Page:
Although our results show a favourable rate of false positive or equivocal results in FFPE under carefully controlled conditions, if the incomplete TCRβ DJ rearrangements are excluded, in our experience, BIOMED-2 assays are nevertheless more prone to false positive results and overinterpretation for several reasons. The PCR products generated with the BIOMED-2 primers range from 240 to 325 bp for the TCRβ set and from 80 to 255 bp for the TCRγ set, which is larger than most products generated with the McCarthy (75–110 bp) and Trainor (170–230 bp) protocols. In addition, BIOMED-2 assays generate different normal product size distributions within one PCR . The separation of TCRγ rearrangement amplicons into multiple size distributions with several fluorochromes and sometimes less-than-ideal Gaussian curves makes the interpretation sometimes difficult and increases the likelihood of pseudoclonal peaks and consequently false positive results . This is especially true for amplification of uncommonly used joining or variable gene segments, and if the sample contains limited numbers of T cells or poor DNA quality. That the amount of polyclonal target cells in the specimen is a critical factor for the generation of pseudoclonal peaks is demonstrated by the higher incidence of false positive and equivocal results in bone marrow biopsies. Although identification of pseudoclonal in contrast to true monoclonal products is facilitated by the performance of repeat PCRs, some of these minor non-malignant clones can be detected reproducibly. Whether the use of alternative, sequence-sensitive techniques for product separation, such as, heteroduplex analysis, allows to reduce the rate of false positive results was not examined in this study. For skin biopsies, analysis of several specimens from different sites has been recommended and can strengthen a diagnosis of cutaneous T-NHL if the same clone is detected in more than one sample . However, oligoclonality or occurrence of heterogeneously distributed, different T cell clones has been repeatedly described in mycosis fungoides [33, 34].
In conclusion, our study confirms the superior sensitivity of the BIOMED-2 TCRγ and TCRβ assays in the detection of T cell clonality, even in “difficult” FFPE samples. However, the uncritical use of these protocols on FFPE samples may result in an increase of false positive results. This is especially true for extranodal samples with limited amount of lymphoid cells, poor template DNA quality and lack of experience with the interpretation of the complex product patterns. Assessment of DNA quality and routine performance of duplicate reactions are mandatory to obtain reliable results. In addition, reliance on numerical thresholds such as >3× or >5× peak height or similar mathematical and statistical algorithms without critical observance of overall amplification efficiency on one hand, and clinicopathological features on the other hand can result in incorrect interpretations. Amount and lymphocyte content of examined tissue, DNA quantity and quality, availability of previous samples for comparative analysis, and outcome of control and duplicate reactions all need to be taken into consideration before signing out molecular results. In the case of discrepancies between molecular and histological findings, these need to be addressed in the final report .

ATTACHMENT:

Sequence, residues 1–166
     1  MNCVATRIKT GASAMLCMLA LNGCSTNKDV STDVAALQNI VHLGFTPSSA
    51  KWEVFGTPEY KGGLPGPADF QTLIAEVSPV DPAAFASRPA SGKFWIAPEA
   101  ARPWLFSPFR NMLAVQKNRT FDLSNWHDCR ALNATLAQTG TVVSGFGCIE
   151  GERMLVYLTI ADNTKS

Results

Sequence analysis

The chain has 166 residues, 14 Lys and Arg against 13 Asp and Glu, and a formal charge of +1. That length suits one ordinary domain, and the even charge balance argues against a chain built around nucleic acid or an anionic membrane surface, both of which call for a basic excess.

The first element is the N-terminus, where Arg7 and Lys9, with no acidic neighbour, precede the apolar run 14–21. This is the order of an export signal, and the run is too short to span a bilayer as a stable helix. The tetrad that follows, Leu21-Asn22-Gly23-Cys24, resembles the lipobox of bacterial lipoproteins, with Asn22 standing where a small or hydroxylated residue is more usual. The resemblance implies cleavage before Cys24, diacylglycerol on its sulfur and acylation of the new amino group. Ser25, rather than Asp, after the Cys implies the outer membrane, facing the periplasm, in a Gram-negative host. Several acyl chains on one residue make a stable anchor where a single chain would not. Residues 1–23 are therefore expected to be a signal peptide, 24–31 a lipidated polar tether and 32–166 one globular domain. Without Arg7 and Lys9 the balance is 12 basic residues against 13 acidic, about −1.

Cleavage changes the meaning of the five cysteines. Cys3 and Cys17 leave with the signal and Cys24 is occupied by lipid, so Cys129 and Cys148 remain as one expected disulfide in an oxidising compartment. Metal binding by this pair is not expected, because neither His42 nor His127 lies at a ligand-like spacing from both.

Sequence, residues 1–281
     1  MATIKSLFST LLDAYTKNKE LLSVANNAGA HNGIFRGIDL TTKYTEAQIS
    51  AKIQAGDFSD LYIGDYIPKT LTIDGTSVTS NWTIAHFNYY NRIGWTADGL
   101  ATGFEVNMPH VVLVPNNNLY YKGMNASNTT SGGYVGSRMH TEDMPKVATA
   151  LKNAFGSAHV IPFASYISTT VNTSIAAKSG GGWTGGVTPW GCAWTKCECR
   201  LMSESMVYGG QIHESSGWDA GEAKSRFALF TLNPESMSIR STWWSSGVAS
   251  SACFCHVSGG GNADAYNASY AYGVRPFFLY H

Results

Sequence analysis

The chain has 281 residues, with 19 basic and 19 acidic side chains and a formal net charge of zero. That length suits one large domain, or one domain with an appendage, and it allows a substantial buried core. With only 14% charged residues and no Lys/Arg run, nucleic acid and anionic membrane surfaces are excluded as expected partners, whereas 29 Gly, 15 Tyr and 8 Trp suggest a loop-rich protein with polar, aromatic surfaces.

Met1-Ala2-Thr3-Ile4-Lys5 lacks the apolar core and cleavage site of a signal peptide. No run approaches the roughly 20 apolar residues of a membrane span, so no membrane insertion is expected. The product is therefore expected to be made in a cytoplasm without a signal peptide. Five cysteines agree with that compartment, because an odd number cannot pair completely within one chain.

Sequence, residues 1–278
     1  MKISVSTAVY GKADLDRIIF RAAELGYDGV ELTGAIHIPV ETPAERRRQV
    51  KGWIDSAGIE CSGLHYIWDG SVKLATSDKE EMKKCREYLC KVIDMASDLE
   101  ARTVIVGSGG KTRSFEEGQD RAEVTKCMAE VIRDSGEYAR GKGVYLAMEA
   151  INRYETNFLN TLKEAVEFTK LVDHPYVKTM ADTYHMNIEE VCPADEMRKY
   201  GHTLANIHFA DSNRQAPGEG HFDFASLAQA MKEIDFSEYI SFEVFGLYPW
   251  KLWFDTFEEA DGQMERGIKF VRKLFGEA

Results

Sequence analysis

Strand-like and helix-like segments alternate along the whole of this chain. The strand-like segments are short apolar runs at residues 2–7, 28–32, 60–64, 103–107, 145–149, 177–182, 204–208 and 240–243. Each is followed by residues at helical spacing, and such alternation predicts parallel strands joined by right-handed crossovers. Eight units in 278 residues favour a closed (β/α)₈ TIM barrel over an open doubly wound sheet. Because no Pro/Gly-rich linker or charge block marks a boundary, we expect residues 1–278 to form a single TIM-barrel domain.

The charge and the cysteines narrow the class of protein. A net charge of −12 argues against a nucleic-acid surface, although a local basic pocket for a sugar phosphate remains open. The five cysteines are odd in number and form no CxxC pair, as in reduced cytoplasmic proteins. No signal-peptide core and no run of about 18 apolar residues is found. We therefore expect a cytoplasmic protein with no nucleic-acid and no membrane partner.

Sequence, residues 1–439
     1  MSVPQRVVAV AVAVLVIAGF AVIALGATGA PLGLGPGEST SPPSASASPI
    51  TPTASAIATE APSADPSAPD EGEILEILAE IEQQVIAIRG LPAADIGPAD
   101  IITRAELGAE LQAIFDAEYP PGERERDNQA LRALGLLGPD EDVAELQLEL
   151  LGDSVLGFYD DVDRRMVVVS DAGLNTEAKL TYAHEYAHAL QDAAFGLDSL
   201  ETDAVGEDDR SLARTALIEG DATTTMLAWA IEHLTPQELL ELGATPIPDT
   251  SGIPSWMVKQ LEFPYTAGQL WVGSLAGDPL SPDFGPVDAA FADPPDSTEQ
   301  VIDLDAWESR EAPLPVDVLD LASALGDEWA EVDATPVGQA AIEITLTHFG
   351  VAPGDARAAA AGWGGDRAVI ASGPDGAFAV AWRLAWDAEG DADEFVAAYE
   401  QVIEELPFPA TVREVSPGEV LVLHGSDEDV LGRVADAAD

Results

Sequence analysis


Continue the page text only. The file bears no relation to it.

In addition, our study demonstrates that fairly simple, first-generation TCRγ assays such as the two protocols tested above show robust performance despite their lower sensitivity and still provide an acceptable alternative, e.g. for samples with poor DNA quality or as first test in a stepwise approach to T cell clonality analysis. Irrespective of the protocols used, determination of T cell clonality in FFPE samples requires stringent quality controls and careful interpretation of results with full knowledge of potential technical and biological pitfalls.
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This study was supported by a grant from the interdisciplinary center for clinical research (IZKF), University Hospital Tübingen.
Conflict of interest
The authors declare that they have no conflict of interest.
Authors Irina Bonzheim and Florian Fröhlich contributed equally.
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Bonzheim, I., Fröhlich, F., Adam, P. et al. A comparative analysis of protocols for detection of T cell clonality in formalin-fixed, paraffin-embedded tissue—implications for practical use. J Hematopathol 5, 7–16 (2012). https://doi.org/10.1007/s12308-011-0128-2